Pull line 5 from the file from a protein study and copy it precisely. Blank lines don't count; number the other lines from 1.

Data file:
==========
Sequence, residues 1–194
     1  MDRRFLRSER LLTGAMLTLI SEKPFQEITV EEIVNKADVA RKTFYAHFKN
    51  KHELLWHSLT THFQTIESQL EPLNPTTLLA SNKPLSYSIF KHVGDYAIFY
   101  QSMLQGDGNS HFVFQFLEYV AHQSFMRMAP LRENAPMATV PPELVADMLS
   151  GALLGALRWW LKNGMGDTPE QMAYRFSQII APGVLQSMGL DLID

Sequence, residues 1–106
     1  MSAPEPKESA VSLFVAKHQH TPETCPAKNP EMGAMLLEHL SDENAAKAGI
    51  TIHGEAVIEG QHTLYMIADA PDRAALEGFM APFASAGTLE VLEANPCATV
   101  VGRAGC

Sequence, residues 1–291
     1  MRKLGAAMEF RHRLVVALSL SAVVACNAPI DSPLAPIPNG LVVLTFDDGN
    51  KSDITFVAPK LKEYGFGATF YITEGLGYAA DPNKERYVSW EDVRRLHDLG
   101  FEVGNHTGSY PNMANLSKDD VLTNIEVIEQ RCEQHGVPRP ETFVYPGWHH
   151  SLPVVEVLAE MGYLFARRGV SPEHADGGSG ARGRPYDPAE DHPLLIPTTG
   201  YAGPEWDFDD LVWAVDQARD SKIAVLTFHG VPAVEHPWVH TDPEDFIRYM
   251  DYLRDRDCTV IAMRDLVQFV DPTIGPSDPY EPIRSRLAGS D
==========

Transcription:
   151  GALLGALRWW LKNGMGDTPE QMAYRFSQII APGVLQSMGL DLID